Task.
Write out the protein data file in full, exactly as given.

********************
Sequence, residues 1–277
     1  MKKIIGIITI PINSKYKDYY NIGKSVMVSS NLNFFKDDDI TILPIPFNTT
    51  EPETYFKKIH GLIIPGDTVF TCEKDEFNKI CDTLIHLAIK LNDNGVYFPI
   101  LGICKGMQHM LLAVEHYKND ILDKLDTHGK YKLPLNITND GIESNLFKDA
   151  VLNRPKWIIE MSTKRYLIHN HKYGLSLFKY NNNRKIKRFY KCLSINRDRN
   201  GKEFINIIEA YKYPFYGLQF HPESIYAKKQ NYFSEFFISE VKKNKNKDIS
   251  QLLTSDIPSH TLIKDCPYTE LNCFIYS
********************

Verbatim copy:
Sequence, residues 1–277
     1  MKKIIGIITI PINSKYKDYY NIGKSVMVSS NLNFFKDDDI TILPIPFNTT
    51  EPETYFKKIH GLIIPGDTVF TCEKDEFNKI CDTLIHLAIK LNDNGVYFPI
   101  LGICKGMQHM LLAVEHYKND ILDKLDTHGK YKLPLNITND GIESNLFKDA
   151  VLNRPKWIIE MSTKRYLIHN HKYGLSLFKY NNNRKIKRFY KCLSINRDRN
   201  GKEFINIIEA YKYPFYGLQF HPESIYAKKQ NYFSEFFISE VKKNKNKDIS
   251  QLLTSDIPSH TLIKDCPYTE LNCFIYS